Annabella Sales, the community representative hired to work with the 20th Street parent center, said, “Most of the parents who come in are not familiar with technology and they do not have computers or Internet at home. They come here and they learn not only how to help their children with their homework, but the children help them too.”
Parents also learn how to navigate getting financial help and looking ahead to college enrollment for their children. “It is a great team effort for everyone involved in education,” said Lorena Padilla-Melendez, director of community relations for the district’s Facilities Services Division. “It shows we are all part of the team.”
Mark Hovatter, chief facilities executive for the district, said, “I am a parent and I love the parent center projects because it costs a small amount of money and we do something that is so critical for the schools.”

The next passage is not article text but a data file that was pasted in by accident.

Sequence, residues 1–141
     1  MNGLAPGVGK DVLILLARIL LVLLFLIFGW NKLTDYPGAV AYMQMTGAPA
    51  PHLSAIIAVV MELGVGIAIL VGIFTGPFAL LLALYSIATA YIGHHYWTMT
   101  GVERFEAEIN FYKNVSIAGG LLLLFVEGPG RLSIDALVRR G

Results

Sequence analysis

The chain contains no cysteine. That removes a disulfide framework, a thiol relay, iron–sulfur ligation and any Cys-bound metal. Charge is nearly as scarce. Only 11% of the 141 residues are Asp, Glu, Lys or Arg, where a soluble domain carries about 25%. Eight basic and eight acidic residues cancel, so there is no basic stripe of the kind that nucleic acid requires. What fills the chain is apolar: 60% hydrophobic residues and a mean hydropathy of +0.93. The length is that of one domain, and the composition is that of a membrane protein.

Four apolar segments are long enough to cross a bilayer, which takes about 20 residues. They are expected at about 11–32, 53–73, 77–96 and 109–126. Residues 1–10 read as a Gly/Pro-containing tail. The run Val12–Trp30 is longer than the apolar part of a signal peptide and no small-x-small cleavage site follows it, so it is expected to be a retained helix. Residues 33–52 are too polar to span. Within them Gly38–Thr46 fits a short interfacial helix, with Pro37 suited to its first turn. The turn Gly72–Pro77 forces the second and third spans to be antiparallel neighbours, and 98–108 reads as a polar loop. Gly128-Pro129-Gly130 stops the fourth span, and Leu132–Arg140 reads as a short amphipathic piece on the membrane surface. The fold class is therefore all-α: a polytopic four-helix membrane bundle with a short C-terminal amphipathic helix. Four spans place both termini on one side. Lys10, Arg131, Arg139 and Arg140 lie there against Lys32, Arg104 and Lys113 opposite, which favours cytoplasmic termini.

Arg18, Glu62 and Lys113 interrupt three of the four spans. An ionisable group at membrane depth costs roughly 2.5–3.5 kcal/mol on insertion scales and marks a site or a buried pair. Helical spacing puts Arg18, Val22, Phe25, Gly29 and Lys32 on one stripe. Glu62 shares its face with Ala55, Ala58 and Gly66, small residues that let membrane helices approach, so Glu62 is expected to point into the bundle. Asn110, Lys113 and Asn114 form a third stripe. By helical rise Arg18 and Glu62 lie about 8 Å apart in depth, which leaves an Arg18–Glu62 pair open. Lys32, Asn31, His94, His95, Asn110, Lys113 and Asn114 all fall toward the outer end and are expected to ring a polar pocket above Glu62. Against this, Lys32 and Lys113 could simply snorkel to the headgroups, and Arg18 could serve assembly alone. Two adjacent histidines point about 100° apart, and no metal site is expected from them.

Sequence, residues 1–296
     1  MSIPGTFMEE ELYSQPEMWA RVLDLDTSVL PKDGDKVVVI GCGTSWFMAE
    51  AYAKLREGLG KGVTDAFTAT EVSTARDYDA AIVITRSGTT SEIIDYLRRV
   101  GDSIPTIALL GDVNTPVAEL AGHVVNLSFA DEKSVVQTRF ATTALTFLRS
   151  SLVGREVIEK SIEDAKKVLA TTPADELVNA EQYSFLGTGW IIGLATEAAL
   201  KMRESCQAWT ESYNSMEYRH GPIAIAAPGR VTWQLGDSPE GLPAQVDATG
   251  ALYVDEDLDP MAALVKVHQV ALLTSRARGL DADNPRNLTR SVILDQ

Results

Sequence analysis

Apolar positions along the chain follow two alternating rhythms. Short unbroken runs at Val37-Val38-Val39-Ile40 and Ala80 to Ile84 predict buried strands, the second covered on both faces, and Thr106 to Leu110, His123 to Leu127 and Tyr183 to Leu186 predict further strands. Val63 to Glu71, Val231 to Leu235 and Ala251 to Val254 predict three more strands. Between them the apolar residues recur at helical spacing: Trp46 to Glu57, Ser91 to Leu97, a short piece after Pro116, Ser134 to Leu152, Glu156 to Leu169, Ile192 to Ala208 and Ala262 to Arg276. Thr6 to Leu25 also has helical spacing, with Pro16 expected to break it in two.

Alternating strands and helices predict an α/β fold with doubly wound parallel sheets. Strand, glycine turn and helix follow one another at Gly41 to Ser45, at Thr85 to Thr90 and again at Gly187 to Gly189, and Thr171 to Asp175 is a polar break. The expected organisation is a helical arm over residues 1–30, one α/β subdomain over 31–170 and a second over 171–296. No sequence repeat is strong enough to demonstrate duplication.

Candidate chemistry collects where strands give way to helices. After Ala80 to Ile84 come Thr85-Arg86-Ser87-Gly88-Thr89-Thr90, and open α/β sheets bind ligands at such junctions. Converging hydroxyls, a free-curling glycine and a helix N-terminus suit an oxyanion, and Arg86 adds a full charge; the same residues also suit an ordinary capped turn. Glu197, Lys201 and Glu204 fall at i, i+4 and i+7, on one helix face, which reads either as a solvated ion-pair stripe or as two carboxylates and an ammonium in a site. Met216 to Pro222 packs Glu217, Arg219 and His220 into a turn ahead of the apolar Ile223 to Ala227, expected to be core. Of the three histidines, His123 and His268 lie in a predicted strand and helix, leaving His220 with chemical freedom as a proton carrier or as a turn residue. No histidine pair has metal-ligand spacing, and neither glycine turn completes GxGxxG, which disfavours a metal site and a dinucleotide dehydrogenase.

Board member Garcia chatted in Spanish with parents and children after the second-graders recited the poem “I, Too, Sing America” and sang “This Little Light of Mine.” Then the school drill team performed.
“This parent center represents power and love and hope and shows something great for the future of these talented children,” Garcia said. “This is your classroom, parents, and if you have doubts and concerns, you can come here to discuss. Everything you need is available here. We will work together for your children.”
As parent Vilchis pointed out, parent involvement could be as simple as helping a teacher cut out shapes or sweep the classrooms.
“There’s a lot of cutting and sweeping to do,” Vilchis said. “There’s enough to do to feel proud and happy and making the world a better place for our children.”